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December 08, 2005

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Doug Hoffer

If anyone is interested in listening to the Supreme Court oral arguments in Rumsfeld V. Fair, they are available at C-SPAN's website.

AJTALL

Professor,

Always an honor to read one of your articles. You mention that all the law schools have to do is provide a room to interview. Doesn't that condition the funding on the waiver of property - the right to exclude people from your land? In regards to free speech, you mention the arrival of military types gives an opportunity for others to vent at the military. Isn't that a form of compelled speech?

Don't you think there are good reasons to have the "don't ask, don't tell" policy? Sleeping in cramped facilities, showering, and the risk of lovers looking out for themselves rather than the entire platoon or battalion. No offense, but it doesn't sound like you've given it much thought.

Roach

As Dale illustrated, free speech and free association principles are in mortal conflict with the nondiscrimination principle that defines much of modern liberalism.

There are important values involved when groups define themselves by whom they associate and disassociate from, that is, by whom they allow to be members. The law school wants to disassociate from those groups and employers that discriminate against gays and others. The Boy Scouts in Dale wanted to disassociate from those who are homosexual. Without addressing the merits of these positions, we should recognize that labeling disassociations and the values they represent "abusive" and "inappropriate" does not take such decisionmaking and such values outside the realm of a value-laden expression and a value-laden association potentially governed by First Amendment Principles.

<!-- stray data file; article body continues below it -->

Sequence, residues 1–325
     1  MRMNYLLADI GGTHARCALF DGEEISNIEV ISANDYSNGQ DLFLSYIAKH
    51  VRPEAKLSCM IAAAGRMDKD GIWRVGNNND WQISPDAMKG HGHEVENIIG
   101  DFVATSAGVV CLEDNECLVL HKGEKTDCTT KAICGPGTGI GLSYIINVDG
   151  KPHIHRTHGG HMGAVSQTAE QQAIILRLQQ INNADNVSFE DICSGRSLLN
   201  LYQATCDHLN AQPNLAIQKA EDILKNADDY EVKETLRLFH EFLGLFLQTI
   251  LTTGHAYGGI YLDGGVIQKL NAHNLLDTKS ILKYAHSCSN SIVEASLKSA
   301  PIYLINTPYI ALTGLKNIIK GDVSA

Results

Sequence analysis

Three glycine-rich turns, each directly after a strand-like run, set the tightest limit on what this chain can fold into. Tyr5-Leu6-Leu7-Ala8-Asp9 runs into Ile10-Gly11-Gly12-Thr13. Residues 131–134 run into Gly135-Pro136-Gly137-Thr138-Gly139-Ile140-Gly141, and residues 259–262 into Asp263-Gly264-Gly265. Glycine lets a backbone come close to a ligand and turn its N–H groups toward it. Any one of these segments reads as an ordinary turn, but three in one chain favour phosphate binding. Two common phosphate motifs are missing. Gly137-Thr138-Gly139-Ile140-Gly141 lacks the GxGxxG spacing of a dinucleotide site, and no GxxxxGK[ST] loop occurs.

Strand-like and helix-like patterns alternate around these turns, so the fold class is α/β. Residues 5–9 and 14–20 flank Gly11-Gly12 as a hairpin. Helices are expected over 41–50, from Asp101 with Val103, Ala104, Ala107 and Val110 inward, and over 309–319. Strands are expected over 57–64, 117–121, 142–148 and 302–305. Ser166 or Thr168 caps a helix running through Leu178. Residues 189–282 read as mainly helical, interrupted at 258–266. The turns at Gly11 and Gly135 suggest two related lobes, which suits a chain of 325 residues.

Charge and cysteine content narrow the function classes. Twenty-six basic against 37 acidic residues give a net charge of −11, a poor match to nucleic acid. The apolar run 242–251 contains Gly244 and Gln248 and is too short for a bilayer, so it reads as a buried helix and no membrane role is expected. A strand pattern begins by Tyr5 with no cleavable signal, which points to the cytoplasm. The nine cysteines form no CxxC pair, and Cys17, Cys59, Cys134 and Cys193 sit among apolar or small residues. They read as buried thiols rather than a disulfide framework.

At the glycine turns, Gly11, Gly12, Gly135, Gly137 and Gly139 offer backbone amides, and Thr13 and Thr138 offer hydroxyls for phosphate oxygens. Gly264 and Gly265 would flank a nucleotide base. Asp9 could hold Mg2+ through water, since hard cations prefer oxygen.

That said, such expressions can come in forms no one wants to defend. A racist employer is expressing something in denying jobs to minorities. He is arguably compelled to say something--speech-wise and associationally--in complying with nondiscrimination laws compelling him to hire minorities. If one is truly committed to freedom and free speech as a value trumping other important values of the community, then one should abandon the legally mandated requirements of nondiscrimination altogether. But if one accepts the nondiscrimination principles, then one must be prepared to allow other laws by a community trying to ban certain actions it perceives as bad, antisocial, immoral, likely to increase social conflict, and the like.

I accept at least two caveats limiting the extreme libertarian interpretation of the First Amendment, even though I think nondiscrimination laws are unwise for other reasons.

First, actions are not necessarily speech. I may believe in the principle that robbery is the most beautiful thing a human being can do and find my expression curbed by generally applicable laws against it. That does not create a compelling First Amendment claim. In other words, actions are not speech, whethr those actions are doing drugs, burning flags, taking one's clothes off, or discriminating against someone. Any broader view of speech leads to a completely arbitrary designation of some actions as speech--flag burning, nude dancing--and others as unprotected conduct--robbery, discrimination.

Second, there are other important values under our constitutional structure, including equality and the creation of community norms through the police power, that should limit the application of the First Amendment when applied to the decisions of localities. I read the first word "Congress" as important in the First Amendment and think a greater sphere of government action should be permitted at the local level, whether it's banning discrimination, flag burning, or public nudity.